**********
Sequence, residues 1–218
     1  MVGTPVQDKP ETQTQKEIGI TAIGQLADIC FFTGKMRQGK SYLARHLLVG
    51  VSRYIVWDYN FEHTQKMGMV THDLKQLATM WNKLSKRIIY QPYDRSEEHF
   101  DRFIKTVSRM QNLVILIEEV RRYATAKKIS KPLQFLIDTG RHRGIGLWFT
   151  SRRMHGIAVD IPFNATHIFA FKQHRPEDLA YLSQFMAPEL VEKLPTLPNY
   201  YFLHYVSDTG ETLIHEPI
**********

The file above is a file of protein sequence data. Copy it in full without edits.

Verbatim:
Sequence, residues 1–218
     1  MVGTPVQDKP ETQTQKEIGI TAIGQLADIC FFTGKMRQGK SYLARHLLVG
    51  VSRYIVWDYN FEHTQKMGMV THDLKQLATM WNKLSKRIIY QPYDRSEEHF
   101  DRFIKTVSRM QNLVILIEEV RRYATAKKIS KPLQFLIDTG RHRGIGLWFT
   151  SRRMHGIAVD IPFNATHIFA FKQHRPEDLA YLSQFMAPEL VEKLPTLPNY
   201  YFLHYVSDTG ETLIHEPI